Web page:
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    We always get so much wind. I have flown in gusting 30mph winds and the stability is amazing. Progress is so slow though it is pointless. We have had 65mph winds last few days so totally grounded.
    I would say 25mph is the realistic limit. The less the better.
     
  9. Phantom751874

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    I personally probably wouldn't fly in anything over 20mph and anything over 15mph I'd be very cautious with. I have some experience flying distance into the wind and using the tailwind to get back with enough battery life. Even this can be tricky though as your counting on the tailwind to be persistent enough the whole way home or most of the way home.

    For example I recently flew 4 miles out against a headwind and was maxed out at ~22-25mph. I knew coming back I would be getting ~36-40mph based on tests with the first battery. So I turned around at 4 miles with 46% battery remaining and made it back over my head at 11% battery. In effect I turned around at 36% battery because at 10% battery the P3 auto lands whoever its at and I didn't want that to happen.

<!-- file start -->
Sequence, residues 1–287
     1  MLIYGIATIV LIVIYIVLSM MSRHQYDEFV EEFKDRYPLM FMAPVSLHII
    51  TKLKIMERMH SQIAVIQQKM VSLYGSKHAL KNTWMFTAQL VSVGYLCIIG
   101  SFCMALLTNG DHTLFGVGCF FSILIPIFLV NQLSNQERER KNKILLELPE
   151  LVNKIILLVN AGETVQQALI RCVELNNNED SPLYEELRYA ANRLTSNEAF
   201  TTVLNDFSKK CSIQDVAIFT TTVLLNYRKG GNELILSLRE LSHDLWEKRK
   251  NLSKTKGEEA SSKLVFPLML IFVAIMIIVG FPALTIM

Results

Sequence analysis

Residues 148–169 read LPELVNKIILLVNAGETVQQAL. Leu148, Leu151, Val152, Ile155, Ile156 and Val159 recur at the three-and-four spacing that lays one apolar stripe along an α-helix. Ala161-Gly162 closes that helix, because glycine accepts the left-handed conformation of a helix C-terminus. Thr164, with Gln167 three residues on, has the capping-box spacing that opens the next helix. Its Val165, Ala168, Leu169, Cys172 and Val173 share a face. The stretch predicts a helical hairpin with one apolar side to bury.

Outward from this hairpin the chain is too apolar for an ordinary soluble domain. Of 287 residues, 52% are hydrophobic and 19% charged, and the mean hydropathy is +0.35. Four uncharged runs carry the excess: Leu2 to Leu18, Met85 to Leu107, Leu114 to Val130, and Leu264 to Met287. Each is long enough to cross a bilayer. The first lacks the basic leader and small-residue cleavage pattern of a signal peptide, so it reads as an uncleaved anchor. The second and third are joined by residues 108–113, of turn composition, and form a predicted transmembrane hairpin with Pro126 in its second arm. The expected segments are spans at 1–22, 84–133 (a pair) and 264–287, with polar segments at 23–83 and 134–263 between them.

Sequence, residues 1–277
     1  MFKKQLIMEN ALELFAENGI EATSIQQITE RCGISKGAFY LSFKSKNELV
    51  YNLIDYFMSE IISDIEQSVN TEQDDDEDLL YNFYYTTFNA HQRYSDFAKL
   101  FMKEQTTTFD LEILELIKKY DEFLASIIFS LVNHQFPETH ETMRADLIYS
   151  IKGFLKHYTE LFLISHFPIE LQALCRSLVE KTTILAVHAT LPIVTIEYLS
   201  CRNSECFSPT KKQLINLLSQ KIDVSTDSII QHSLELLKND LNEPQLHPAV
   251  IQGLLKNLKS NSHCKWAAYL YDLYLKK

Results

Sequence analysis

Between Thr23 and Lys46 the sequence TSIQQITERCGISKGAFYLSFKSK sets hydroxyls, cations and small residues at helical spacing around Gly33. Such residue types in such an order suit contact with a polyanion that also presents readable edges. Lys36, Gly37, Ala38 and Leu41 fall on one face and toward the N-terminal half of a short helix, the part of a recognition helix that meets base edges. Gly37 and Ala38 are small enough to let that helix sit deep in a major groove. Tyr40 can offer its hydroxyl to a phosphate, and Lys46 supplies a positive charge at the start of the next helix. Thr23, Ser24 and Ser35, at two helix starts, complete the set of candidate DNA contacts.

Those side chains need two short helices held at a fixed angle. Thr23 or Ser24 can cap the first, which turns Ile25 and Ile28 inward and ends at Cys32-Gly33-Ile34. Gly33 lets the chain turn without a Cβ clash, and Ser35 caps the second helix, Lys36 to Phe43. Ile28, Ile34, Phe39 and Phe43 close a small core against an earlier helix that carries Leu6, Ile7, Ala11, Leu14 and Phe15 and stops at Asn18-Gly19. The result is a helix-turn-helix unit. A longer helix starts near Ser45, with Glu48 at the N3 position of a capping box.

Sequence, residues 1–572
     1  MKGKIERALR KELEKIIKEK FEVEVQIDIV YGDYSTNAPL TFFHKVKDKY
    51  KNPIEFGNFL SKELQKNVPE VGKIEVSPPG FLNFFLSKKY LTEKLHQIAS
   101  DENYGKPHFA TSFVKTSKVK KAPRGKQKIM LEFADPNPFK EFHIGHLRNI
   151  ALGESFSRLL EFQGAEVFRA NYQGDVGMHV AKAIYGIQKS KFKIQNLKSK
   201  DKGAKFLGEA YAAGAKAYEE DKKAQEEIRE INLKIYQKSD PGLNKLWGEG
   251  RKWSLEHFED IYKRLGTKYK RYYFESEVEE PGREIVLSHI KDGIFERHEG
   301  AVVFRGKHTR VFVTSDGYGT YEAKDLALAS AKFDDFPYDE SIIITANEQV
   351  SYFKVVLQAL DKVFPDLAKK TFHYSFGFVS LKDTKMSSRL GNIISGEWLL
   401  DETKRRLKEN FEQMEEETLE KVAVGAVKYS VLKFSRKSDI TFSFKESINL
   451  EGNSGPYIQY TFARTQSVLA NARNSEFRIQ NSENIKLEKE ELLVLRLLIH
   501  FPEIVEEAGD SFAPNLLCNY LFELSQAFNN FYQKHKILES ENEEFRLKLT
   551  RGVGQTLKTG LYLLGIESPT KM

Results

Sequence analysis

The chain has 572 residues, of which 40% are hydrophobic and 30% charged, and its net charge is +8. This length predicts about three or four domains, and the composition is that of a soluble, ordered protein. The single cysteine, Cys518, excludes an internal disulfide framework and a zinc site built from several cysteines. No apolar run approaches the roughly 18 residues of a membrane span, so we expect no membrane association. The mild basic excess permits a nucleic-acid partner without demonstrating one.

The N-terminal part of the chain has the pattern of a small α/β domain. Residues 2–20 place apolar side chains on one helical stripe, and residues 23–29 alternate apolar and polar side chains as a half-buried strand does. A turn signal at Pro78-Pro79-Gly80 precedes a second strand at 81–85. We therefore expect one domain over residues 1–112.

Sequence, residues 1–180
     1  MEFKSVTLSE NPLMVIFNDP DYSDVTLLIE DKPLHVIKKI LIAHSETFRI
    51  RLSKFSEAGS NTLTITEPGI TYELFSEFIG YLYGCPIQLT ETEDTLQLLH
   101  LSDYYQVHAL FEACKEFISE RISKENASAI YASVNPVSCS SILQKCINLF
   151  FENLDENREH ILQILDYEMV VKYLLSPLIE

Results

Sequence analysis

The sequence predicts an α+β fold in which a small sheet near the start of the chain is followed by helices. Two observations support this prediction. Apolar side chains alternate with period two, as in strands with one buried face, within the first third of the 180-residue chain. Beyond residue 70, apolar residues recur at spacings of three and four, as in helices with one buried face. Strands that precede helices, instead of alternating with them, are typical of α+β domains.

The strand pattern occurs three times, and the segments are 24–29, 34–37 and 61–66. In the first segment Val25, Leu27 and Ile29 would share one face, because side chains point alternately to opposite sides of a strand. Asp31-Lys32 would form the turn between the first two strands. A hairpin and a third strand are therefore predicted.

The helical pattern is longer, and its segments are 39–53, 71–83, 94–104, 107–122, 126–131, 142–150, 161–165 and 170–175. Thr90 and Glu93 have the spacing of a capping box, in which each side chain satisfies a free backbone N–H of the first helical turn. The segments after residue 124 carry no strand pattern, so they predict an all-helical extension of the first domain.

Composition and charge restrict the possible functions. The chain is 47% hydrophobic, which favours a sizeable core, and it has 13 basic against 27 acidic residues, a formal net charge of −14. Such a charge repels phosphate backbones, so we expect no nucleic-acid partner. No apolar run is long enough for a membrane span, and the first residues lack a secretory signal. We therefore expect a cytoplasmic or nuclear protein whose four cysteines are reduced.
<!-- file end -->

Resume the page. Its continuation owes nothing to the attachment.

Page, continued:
I won't be doing that regularly or maybe ever again. I wanted to see if I could push to the limit of the battery as far as distance and I believe that limit to be ~4 miles without a battery mod.
     
  10. Fourprops

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    I think any thing over 10 is no fun anyway for a multi-rotor.
     
  11. blacksmithden

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    There's no real difference between flying a light aircraft and a quadcopter. If conditions are beyond maximums, stay on the ground. I can't count the number of times I've read "it wouldn't come down...it just kept climbing". These things will only crank themselves over so far to try and maintain their position. Then they may then start to pour on the power to try and get back to where they think they need to be. I don't know 100% that this is the case...I'm not the programmer. More power with a limited amount to pitch/roll is going to equal lift, and that's all there is to it. Couple that with an updraft and by-by toy. Personally, 10mph wind on the ground is my limit.